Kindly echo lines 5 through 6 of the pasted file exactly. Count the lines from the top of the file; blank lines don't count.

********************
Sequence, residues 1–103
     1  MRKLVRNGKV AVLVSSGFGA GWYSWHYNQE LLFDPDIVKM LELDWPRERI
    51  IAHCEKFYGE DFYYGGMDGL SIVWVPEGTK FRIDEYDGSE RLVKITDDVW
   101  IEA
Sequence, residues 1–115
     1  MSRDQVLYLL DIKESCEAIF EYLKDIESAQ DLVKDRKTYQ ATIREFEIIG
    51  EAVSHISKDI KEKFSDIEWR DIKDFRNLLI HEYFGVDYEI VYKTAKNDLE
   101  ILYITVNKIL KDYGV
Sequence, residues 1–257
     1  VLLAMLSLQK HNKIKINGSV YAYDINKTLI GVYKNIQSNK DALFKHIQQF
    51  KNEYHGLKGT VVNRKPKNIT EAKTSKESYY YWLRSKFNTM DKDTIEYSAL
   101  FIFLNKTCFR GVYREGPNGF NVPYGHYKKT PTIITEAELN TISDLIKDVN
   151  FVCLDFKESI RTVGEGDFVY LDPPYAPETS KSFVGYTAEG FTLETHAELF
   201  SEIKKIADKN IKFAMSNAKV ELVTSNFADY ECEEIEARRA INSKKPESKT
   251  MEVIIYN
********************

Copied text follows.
Sequence, residues 1–115
     1  MSRDQVLYLL DIKESCEAIF EYLKDIESAQ DLVKDRKTYQ ATIREFEIIG